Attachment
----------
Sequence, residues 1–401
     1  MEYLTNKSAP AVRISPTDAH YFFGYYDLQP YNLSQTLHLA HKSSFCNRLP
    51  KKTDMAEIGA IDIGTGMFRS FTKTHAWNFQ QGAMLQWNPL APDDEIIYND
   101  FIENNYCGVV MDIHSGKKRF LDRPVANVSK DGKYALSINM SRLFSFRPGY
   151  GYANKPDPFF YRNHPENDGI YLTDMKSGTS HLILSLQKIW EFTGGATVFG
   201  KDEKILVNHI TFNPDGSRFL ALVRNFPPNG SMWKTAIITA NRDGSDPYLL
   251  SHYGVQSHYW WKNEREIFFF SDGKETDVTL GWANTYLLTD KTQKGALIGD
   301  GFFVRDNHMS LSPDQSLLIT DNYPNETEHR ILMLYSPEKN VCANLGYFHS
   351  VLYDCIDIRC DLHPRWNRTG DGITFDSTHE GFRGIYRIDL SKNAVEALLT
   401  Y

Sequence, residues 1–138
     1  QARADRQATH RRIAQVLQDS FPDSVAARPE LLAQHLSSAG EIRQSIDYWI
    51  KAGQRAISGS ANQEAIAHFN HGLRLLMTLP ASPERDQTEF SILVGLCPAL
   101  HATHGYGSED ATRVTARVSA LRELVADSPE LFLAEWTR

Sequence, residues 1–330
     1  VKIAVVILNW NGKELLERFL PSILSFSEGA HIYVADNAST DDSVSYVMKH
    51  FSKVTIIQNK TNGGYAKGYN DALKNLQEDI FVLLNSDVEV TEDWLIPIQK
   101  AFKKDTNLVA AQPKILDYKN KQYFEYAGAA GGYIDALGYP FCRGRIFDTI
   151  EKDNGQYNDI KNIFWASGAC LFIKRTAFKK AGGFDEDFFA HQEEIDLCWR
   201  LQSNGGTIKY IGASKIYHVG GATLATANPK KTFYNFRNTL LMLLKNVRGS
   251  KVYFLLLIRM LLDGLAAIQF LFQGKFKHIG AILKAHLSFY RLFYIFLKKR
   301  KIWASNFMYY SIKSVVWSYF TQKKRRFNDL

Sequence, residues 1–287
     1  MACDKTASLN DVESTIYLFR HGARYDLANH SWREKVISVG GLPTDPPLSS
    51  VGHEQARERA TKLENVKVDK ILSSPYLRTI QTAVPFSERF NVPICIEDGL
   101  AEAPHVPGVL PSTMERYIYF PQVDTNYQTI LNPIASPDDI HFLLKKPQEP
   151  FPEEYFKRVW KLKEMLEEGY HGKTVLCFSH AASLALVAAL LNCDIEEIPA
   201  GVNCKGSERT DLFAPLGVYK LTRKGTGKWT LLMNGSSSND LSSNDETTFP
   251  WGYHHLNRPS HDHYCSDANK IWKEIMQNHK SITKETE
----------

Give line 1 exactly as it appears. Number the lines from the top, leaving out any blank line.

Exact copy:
Sequence, residues 1–401